Raytheon Builds New State-of-the-Art Radar Production Factory

Robotics-assisted facility will assemble and test the company’s newest radars.

Raytheon has added an impressive advanced manufacturing facility to its Andover, Mass., campus. The company will use the facility to build its Air and Missile Defense Radar, the AN/SPY-6, for the U.S. Navy. The AN/SPY-6 is the Navy’s next-generation integrated air and missile defense radar.

Raytheon`s Air and Missile Defense Radar system.

The AN/SPY-6 consists of 37 radar cubes, each weighing hundreds of pounds, stacked into an octagonal shape. Raytheon needed a larger facility and near-field ranges to build, test and calibrate the radar arrays.

The 30,000-square-foot facility, which cost $72 million and took over a year to build, features advanced automation technology. Under its 60-foot ceilings is a 40-ton robotic bridge crane built into the roof. It can span the entire assembly area and is capable of picking up arrays, flipping them and manipulating them.

The factory floor is crisscrossed by automated mobile robots (AMRs)—mobile robots that autonomously inspect parts, choose tools, assemble components and deliver parts to the crane. One large AMR uses laser navigation throughout the facility to carry a component and place it within 3mm of its target in minutes. When the AMRs are done, they return to their docking stations to charge.

The facility is also automated to include sensors that detect where tools are in the room and secure automated tool chests that track who has checked out a tool.

The testing room walls and ceiling are lined with 92,000 blue foam cones to absorb sound and prevent external sound from penetrating the facility while the highly sensitive radar arrays are tested and calibrated.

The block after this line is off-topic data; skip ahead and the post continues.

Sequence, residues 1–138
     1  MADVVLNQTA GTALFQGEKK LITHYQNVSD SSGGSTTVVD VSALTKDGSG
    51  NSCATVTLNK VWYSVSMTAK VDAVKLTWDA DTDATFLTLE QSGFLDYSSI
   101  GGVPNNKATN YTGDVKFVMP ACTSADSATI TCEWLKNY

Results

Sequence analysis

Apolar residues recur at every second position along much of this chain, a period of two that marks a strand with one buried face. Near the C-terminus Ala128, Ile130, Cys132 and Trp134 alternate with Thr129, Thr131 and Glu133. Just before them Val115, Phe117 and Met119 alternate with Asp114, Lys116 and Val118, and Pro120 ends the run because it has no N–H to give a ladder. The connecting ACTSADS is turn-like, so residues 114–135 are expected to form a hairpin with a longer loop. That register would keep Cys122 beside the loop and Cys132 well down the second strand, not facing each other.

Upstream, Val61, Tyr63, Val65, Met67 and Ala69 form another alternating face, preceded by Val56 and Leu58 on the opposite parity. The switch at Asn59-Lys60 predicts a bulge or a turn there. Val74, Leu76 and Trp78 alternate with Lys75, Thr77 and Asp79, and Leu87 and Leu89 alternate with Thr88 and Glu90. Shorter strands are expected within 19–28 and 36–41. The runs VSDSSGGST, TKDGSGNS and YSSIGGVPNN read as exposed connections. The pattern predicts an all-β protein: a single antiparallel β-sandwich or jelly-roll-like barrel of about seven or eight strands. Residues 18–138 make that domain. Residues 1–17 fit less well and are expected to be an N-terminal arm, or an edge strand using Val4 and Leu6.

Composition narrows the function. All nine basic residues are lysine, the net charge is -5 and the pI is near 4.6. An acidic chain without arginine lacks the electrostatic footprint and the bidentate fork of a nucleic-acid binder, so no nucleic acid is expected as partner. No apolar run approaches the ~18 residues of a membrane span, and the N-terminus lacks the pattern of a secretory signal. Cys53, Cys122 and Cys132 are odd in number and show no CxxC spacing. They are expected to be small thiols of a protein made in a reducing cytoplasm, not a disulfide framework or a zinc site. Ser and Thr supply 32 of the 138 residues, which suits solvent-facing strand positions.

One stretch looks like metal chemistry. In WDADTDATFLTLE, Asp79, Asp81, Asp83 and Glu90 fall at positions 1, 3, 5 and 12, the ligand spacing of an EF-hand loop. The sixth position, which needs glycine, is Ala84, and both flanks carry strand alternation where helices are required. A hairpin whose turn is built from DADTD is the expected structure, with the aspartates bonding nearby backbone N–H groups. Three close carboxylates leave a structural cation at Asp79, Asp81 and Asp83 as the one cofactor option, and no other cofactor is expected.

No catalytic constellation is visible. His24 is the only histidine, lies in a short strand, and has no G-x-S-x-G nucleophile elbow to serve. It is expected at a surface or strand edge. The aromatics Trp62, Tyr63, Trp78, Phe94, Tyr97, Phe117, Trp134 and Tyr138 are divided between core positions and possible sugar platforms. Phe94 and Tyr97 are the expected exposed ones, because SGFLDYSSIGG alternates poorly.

A 1.5-megawatt substation powers the facility, with enough capacity to meet current and future requirements.

To design the new factory, Raytheon turned to its in-house design facility, which used virtual reality simulation and immersive design to create the blueprints. It even created avatars to assess whether a hallway felt too tight or if a piece of equipment was too close to a wall. The company’s engineers and technicians actively helped the designers understand what the assembly process would look like and to automate as much of the process as possible. The result is a facility that runs with just a few dozen humans present.

“This advanced manufacturing campus now has the ability to work from atoms all the way up to massive radar arrays,” said Sarah Jennette, program manager for the project. “From physical size, to power capabilities, to automated tech, we are building for the future of radar.”

Read more about Raytheon’s dominance of the radar manufacturing market at Raytheon Set to Increase Radar Manufacturing Capacity.